Sunday 31 January 2010

Legal Review of the month - January 2010

Important note: this is a general post that can not be relied upon for your individual cirumstances.  If you need legal advice contact a lawyer.  If you contact me I will try to help or put you in touch with someone who can.

With the harshest winter for many years, it is worth bearing in mind the statutory duty on Highway Authorities 'to ensure, so far as is reasonably practicable, that safe passage along a highway is not endangered by snow or ice' (section 41(1A) of the Highways Act 1980 inserted in 2003 to reverse a Court decision to the contrary effect).
If you have suffered personal injury or damage to your bike after a fall on ice on the road then, self-evidently, your safe passage has been endangered and it is then for the Authority to demonstrate it has done what is reasonably practicable to remove the ice before you fell.  In the event of serious injury or damage it may be worth enquiring of the Authority whether they had an appropriate salting policy and whether they complied with it.  My suspicion is that many Highway Authorities would be able to demonstrate that despite their best efforts they were overwhelmed with the unusual weather conditions and constrained by central government advice to restrict salting to major routes.
I shall not therefore be looking into suing the Highway Authority charged with the responsibility of clearing ice from the road in Flackwell Heath, Bucks early one Sunday morning where I came a cropper.

The freezing, thawing and refreezing of the roads has left many of them in an appalling state of repair.  The Highway Authorities have a similar duty to deal with potholes.  Section 58 provides a defence if the Authority can show that it has taken such care as was in all the circumstances reasonably required to ensure that the road was safe for traffic.  Relevant to this is s.58(d) "whether the highway authority knew, or could reasonably have been expected to know, that the condition of the part of the highway to which the action relates was likely to cause danger to users of the highway".
For that reason it is very important to let Highway Authorities know about dangerous potholes, whether by using the useful CTC website fill that hole or otherwise.
And, yes, notwithstanding the views of the petrolheads, bicycles are traffic.

In the Courts
Two promising signs that the car culture does not always prevail.  The successful prosecution of Katie Hart for causing the death of Major Gareth Rhys-Evans by dangerous driving shows that the police and CPS will not always accept the running down of a cyclist with equanimity.  One disappointment (since this could and should serve as a useful deterrent) is that the case has not received more publicity.  It is to my mind telling that we have heard so much more about the report from the 'Road Safety Foundation' which says nothing at all about cyclists and appears to believe that shielding motorists who have run off the roads from things like trees is a sensible use of finite resources.  They clearly know nothing of risk compensation and it is, to my mind, more important that motorists stop hitting cyclists than that they stop hitting trees.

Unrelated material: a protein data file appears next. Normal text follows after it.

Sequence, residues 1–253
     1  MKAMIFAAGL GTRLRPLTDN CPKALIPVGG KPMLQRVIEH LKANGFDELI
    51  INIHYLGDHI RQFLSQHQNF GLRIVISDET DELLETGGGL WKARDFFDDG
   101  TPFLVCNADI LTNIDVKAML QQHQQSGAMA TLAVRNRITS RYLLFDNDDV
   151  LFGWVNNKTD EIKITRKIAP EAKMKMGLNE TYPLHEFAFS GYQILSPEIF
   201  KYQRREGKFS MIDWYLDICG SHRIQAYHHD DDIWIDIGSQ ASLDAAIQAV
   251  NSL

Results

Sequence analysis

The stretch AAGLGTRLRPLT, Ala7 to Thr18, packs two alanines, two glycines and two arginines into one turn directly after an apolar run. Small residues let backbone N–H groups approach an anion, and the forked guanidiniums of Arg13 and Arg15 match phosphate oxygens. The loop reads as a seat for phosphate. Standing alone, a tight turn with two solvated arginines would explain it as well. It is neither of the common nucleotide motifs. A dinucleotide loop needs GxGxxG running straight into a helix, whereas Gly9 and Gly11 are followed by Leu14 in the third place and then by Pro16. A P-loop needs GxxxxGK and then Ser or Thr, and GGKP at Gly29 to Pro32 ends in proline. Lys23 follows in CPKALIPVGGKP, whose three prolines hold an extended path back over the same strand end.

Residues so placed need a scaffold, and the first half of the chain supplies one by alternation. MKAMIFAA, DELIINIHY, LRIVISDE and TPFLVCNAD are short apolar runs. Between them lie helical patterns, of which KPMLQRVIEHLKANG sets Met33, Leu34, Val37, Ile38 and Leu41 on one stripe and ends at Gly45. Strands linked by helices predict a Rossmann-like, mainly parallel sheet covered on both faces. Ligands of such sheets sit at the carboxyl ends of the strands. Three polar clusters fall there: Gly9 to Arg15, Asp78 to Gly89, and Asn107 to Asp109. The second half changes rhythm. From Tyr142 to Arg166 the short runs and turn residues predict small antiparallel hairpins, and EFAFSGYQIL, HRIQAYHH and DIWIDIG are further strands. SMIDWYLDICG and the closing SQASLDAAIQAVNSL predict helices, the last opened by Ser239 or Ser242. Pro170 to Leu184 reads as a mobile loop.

In a separate case, Osei-Antwi v South East London & Kent Bus Co Ltd (2010), the Court of Appeal have reversed a trial judge's finding of contributory negligence against a pedestrian who was standing on the pavement (a space reserved for pedestrians) when struck by a turning bus.  The only real surprise is that the trial judge thought it appropriate to impose the obligation on the pedestrian to jump out of the way of a bus which had no business being on the pavement.
Meanwhile in the Westminster Coroner's Court, deputy Coroner Dr Shirley Radcliiffe, returned a verdict of accidental death after enquiring into the death of Eilidh Cairns, one of an alarming number of young women killed in London by HGV vehicles last year.  The HGV driver faces charges of driving with defective vision.  I hope to bring more on this case in the near future.
In Chester Crown Court the Crown Prosecution Service announced that it would not be persuing charges against Tracey Johnson who had run into Sharon Corless killing her and seriously injuring her husband.  She lost control of her unusually heavy 4x4 Range Rover vehicle.  Medical evidence indicated that she may have suffered a sudden feint, so it was presumably thought that the chances of a conviction were not good.  An earlier line of legal authorities (see Attorney General's Reference No 2 of 1992) have made it clear that a driver cannot lay claim to the defence that he was acting in an unconscious state unless he has taken proper precautions to stop that state from coming upon him.  It may be thought that this horrific accident coupled with such an extraordinary explanation could sensibly be left to the judgment of a jury.  Nobody should be behind the wheel of any car, let alone a heavy 4x4, without complete confidence that they can control it.

Lord Justice Rupert Jackson has completed his final Review of Civil Litigation Costs.  This is causing consternation amongst lawyers and will require legislation to implement its recommendations.  What every cyclist needs to know is that the days when you could enter a 'no win, no fee' agreement secure in the knowledge that if you won the other side would pay all your lawyer's bills may be numbered.  Success fees paid to your lawyer for the risk of not winning, and insurance premiums required to meet the other side's costs should you lose, may in the future come out of your damages.  The best advice is to ensure you have insurance before your accident.  Fortunately with membsership of BCF and CTC and no doubt some other organisations such cover comes as standard.

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